Wandering down Charoen Krung Road, Robinson department store stands as a modern landmark, anchoring the district’s historical charm with its 21st-century neighbours. However, just steps away, the bustling street vendors offer a sensory journey with tantalising aromas and flavours, keeping the essence of traditional Thai street life alive.

Is tourism back? It certainly is! The streets were packed with tourists and locals alike. A good sign.

After a five-minute walk from the BTS, I take a left turn down Si Wiang Road, this is my destination and it wasn’t difficult to find. A large luminous billboard heralds the Prince Theatre. This is an iconic Bang Rak establishment since its inception in 1912. Over its 112 years, the Prince Theatre has undergone numerous metamorphoses, Bang Rak too. Both continue to evolve, the past intertwined with modernity, inviting locals and visitors alike to embark on a journey through time.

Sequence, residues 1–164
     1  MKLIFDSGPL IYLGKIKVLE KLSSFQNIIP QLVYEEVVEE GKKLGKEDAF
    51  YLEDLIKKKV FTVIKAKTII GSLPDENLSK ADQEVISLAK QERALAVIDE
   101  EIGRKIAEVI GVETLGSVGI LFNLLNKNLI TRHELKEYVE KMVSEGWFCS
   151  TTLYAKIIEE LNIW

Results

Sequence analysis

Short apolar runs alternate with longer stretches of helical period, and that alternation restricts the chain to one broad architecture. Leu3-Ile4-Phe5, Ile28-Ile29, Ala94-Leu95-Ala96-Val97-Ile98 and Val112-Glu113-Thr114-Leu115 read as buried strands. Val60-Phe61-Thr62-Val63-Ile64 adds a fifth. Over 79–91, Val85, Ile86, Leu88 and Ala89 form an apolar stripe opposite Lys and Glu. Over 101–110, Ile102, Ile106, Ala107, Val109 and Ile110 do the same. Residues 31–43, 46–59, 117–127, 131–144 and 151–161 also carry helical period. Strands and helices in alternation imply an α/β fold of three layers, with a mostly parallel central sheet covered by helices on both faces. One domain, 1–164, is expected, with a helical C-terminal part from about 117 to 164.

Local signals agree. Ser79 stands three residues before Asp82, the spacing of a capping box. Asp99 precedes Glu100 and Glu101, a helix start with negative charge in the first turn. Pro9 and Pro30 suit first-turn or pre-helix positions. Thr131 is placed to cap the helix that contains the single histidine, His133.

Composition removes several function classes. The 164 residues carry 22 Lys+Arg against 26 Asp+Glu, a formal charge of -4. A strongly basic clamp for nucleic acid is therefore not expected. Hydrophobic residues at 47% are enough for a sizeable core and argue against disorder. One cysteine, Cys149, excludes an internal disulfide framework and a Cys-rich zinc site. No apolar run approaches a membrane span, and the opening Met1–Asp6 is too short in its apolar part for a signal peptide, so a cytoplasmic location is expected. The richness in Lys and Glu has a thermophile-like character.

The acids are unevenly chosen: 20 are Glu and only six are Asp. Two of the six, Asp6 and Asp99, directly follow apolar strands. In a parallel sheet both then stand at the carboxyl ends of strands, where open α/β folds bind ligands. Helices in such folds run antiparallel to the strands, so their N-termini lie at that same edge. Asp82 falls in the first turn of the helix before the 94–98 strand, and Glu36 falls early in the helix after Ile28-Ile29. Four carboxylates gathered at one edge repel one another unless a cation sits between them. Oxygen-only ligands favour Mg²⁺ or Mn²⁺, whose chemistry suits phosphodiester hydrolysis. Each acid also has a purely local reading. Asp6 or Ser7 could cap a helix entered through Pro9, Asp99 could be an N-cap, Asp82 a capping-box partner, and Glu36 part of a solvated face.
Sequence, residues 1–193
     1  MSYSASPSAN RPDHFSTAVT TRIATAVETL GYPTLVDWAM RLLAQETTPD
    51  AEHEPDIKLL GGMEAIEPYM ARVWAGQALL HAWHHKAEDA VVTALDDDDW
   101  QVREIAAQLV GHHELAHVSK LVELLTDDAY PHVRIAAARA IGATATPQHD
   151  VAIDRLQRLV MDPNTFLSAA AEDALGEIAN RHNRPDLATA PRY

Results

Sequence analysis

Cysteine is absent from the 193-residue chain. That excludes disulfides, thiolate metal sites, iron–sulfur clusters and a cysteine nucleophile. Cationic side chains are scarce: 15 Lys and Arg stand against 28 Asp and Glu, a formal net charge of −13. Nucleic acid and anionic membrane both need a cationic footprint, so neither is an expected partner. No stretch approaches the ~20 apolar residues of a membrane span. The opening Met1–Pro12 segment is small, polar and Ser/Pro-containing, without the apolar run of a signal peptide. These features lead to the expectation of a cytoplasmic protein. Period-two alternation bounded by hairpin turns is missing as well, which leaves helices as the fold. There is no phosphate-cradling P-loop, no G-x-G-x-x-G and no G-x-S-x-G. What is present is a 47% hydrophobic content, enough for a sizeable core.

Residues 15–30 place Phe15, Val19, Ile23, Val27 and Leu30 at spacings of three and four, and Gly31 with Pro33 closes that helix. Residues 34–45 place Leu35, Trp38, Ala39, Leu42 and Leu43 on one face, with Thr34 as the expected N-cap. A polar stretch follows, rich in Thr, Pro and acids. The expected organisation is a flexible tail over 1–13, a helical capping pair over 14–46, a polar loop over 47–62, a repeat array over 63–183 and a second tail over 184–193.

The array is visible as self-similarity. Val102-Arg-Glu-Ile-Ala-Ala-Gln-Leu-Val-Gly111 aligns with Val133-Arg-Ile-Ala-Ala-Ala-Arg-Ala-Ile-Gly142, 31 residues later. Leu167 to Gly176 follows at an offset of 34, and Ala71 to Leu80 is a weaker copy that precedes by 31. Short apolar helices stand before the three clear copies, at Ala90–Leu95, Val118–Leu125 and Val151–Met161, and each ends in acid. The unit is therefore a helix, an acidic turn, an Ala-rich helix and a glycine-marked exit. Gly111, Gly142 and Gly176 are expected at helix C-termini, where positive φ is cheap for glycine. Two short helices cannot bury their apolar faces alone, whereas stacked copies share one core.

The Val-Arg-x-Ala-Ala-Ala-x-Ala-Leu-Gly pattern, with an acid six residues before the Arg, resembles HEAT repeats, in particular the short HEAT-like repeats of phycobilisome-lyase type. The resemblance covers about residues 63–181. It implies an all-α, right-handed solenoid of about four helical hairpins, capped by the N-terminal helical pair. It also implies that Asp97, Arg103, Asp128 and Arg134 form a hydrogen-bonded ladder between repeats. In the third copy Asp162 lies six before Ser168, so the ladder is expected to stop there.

Prince Theatre History

When it opened in 1912, the Theatre was actually named The Royal Casino which included a raunchy Chinese Opera Group. A place of entertainment and liquor, it was a popular watering hole for locals and farang (foreign) residents alike.

Booze and gambling led unfortunately to trouble and things got out of hand. People were having a bit too much fun and it was ordered to close.

Resurfacing in 1917-1957 it was rebranded to the Prince Rama a wholesome neighbourhood movie house screening everything from silent black and white, Hong King and Thai films to modern-day Hollywood blockbusters. As cinema-goers headed to the large Malls and Multiplexes the days were numbered for standalone neighbourhood theatres.


The Prince didn’t totally fade away. In 1985 it metamorphosed once again.

Tucked down an alley off the main drag.

Prince’s under-the-radar location made it the perfect spot for screening classic X-rated nude films and porn! Men, boys, and even women popped in and took pleasure in watching a naughty film or two!